Float Away

WCCO’s Jordana Green experiences her first float in a sensory deprivation tank, aimed to encourage relaxation and meditation

Awaken for Wellness, float tank
Float tank at Awaken for Wellness. Photo courtesy of the Awaken for Wellness Facebook page.

Complete escapism. That’s how I describe my ‘float‘ in a saltwater tank in St. Paul. It’s like being in the Dead Sea but in a tank and all alone. Well, that makes is sound horrible, but it’s really awesome. I wanted to try floating because I heard it can help you meditate. I struggle everyday to get through my 10-minute meditation practice so anything that will help sounded good to me.

Here’s the history of floating: In 1954, physician, neuroscientist, psychoanalyst, and St. Paul native, Dr. John C. Lilly, invented the salt water floatation tank as part of his research at the National Institute of Mental Health. He wanted to see what would happen to the brain during complete sensory deprivation. Complete sensory deprivation sounds terrifying, but instead he found weightlessness, darkness, and silence, which improved relaxation, lowered blood pressure, reduced stress, and enhanced creativity and mental acuity.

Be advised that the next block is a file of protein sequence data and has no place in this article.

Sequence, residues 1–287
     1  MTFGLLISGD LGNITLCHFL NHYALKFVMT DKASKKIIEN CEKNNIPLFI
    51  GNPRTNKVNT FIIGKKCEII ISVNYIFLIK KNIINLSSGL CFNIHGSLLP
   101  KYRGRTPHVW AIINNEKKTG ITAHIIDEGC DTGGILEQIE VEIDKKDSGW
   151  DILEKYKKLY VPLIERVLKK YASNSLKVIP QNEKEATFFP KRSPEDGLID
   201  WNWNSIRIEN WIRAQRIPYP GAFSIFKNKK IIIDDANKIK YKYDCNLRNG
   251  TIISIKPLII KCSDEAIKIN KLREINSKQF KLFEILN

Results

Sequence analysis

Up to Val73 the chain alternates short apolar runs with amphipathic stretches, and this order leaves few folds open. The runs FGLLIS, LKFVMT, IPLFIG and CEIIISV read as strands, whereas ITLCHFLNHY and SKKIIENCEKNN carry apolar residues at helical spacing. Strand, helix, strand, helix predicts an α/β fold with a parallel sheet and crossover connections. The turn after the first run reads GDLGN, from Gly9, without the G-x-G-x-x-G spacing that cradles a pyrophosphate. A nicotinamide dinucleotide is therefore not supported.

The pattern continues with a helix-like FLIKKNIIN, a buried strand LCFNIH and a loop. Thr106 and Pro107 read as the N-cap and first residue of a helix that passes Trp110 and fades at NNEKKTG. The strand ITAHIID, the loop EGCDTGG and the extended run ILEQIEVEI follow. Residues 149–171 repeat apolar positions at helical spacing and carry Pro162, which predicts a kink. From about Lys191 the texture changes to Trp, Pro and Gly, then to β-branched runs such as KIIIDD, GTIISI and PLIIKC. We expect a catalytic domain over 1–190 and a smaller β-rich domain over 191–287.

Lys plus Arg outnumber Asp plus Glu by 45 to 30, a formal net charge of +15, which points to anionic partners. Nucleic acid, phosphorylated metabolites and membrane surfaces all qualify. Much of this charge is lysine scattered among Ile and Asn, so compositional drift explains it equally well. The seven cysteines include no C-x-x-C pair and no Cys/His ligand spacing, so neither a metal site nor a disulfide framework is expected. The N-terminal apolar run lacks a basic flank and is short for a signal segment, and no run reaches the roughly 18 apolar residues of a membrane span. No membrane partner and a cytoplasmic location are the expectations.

At first it was scary—you are buck naked when you enter this chamber filled with 10 inches of salt water. You put in earplugs, and in complete darkness, you lay down and just wait. I thought, “there’s no way I’ll be able to do this for 90 minutes.” You are floating, and eventually you lose your bearings which is very cool—you feel like you’re flying. It’s not cold or hot, some people fall asleep which is ok, you can’t drown. Then you are alone with your thoughts for 90 minutes. That’s the scary part. Thoughts come and go, you get antsy, you calm down, you wonder if anyone can see you naked, then you don’t really care. You lose track of space and time and you chill.

I had some moments of true meditation. When I emerged I was salty and relaxed. My husband who also floated (reluctantly), said in the first 15 minutes he was convinced he wasn’t going to make it the full 90. He made it. I can’t fully explain how floating will affect you or what you’ll get out of it, but I’m glad I tried it. My victory was knowing I can be alone with my thoughts for 90 minutes and actually be calm and still.

This week I wish you peaceful thoughts and the stillness to hear them and let them float away.

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